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  • January 2016 Reader Appreciation Giveaway: $25 Target Gift Coin

    New Year's giveaway | Chief Family Officer

    We’re doing it again! For the third year in a row, each month this year, we’ll have a month-long Reader Appreciation giveaway. The prize for January is a $25 Target Gift Coin like the one pictured here:

    Target Gift Coin giveaway | Chief Family Officer

    Some of the entries can be done every day, so be sure to bookmark this page and come back daily to increase your chances of winning. To enter, simply follow the directions in the Rafflecopter widget below – and thank you for reading CFO!

    a Rafflecopter giveaway

    RSS and email readers: Click here to reach the form.

    Winding Down 2015: What do you want to see in 2016?

    Winding Down 2015 | Chief Family Officer

    As a mom whose schedule revolves almost entirely around the school calendar, I feel like winding down as school winds down. Tomorrow is the last school day of this calendar year, and so I feel like 2015 is really coming to a close. That sense has been reflected in the slowing down of new articles here at Chief Family Officer, and will continue until the New Year. (But not to worry! At a minimum, you’ll get your daily dose of Morning Coffee, weekly store match ups, and at least one more giveaway before year’s end.)

    While I’ve been quiet on the outside, I’ve been ruminating at lot on the inside. The last month or two have been a time of inner growth for me, and I will share some of those discoveries with you next month.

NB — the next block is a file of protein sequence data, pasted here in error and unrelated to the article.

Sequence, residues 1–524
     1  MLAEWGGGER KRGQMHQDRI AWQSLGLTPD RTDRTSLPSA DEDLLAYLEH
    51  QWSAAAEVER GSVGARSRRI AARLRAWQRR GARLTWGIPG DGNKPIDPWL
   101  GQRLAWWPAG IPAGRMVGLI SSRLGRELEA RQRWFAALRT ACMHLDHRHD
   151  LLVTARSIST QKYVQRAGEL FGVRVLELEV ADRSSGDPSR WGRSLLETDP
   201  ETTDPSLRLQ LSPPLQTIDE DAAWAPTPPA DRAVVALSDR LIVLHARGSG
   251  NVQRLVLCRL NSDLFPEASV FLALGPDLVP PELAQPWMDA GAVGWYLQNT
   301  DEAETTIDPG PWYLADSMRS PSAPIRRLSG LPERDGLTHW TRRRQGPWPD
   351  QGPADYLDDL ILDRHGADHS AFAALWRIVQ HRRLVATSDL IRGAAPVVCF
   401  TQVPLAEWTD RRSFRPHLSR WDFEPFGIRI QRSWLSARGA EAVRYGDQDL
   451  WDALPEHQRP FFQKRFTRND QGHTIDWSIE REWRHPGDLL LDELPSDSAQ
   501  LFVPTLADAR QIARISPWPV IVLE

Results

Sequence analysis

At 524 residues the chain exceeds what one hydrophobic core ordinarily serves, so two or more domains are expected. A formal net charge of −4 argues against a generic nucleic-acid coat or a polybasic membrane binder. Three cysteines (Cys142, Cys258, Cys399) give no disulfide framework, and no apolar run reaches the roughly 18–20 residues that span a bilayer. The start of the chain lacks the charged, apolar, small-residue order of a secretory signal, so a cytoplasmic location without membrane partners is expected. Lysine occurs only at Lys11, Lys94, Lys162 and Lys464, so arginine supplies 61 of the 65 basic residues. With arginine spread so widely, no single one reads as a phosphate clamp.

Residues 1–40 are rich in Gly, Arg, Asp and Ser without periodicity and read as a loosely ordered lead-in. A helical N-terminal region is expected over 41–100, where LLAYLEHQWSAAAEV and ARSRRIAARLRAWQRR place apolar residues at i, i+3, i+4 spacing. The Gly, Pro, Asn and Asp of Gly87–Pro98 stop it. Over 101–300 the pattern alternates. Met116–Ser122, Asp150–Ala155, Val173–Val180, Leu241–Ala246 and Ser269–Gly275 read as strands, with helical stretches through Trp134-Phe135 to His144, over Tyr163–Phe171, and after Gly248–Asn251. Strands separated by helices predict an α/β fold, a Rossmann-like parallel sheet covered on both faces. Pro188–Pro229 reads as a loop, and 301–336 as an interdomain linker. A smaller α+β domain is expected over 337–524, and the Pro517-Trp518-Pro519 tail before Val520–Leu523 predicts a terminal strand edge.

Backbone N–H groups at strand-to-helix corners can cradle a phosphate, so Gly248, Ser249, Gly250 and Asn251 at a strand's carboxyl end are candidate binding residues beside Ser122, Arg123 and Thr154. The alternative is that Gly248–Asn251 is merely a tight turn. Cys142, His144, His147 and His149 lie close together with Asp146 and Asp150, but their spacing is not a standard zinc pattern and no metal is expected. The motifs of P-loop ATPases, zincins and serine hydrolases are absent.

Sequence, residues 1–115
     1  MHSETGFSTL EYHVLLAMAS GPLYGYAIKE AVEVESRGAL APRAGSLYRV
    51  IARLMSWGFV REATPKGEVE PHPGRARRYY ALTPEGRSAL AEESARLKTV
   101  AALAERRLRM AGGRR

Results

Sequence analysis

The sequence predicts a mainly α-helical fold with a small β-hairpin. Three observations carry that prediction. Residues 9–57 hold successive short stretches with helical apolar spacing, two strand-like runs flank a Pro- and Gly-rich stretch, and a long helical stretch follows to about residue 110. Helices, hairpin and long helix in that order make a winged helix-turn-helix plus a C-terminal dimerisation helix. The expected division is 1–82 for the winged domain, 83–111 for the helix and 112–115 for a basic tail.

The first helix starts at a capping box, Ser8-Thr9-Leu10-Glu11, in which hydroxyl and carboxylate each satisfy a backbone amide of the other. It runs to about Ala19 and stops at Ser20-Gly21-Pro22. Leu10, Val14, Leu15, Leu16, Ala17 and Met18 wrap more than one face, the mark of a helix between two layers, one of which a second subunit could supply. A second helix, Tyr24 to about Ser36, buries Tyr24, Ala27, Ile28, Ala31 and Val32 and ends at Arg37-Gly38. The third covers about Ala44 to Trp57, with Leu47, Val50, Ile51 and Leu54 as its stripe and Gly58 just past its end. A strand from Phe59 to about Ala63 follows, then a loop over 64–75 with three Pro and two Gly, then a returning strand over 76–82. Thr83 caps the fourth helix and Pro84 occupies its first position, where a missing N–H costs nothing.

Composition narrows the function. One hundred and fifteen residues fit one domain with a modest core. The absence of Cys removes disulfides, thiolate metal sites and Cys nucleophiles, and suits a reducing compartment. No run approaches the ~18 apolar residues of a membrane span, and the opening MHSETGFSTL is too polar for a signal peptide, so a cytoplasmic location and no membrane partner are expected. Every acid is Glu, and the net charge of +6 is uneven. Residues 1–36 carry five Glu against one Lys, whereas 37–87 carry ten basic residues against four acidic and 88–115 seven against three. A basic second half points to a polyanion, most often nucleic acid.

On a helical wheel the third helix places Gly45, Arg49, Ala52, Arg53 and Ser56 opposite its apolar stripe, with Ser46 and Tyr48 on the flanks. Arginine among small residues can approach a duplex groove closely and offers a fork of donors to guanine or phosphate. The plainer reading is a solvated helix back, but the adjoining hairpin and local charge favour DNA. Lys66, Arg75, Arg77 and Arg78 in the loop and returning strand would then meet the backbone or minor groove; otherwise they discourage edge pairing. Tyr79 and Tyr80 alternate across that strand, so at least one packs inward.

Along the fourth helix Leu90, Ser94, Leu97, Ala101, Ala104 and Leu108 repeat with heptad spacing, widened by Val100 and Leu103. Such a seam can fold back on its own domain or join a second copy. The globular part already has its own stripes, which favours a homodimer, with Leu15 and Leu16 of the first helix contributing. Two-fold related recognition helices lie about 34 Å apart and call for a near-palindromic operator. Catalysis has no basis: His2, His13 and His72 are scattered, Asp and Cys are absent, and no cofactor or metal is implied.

In the meantime, I’m looking forward to spending some time with my family, enjoying old traditions and starting new ones (one of my favorite new things this year has been the Lego Advent Calendar*), and cleaning (out) my house.

    I am also going to spend some time doing some serious thinking about next year, and what I want in 2016. That’s where you come in – I would love to know what kinds of articles you would like to see here next year. Do you want Chief Family Officer to post more deals, specifically deals broken down by transaction? Do you want more articles on topics like housekeeping, cooking, parenting, making and saving money, or some other topic? Do you prefer roundups like Morning Coffee, in-depth articles, or a mix of the two?

    Your feedback will help me make Chief Family Officer more useful to you, and help me figure out where to take things from here. So thank you!

    *Affiliate link – thank you for supporting Chief Family Officer! Read CFO’s full disclosure here.

    Image via by fotographic1980.

    Big 5 Sporting Goods Black Friday Deals 2015

    Thank you to those who served

    It’s Veterans’ Day here in the U.S., and while for many of us, it’s a day off from school and work, a holiday to get things done and catch up with family and friends, it’s also a day that reminds us of the sacrifices that the members of our armed forces make every day, along with their families.

    My dad was active duty military when I was growing up, and at the time, I accepted it as our way of life. Many wonderful things came from all of the moving around, including the chance to live in different places, meet lots of different people, and do lots of sight-seeing (I’d been to most of the states, and seen more national treasures that I can remember, by the time I started high school).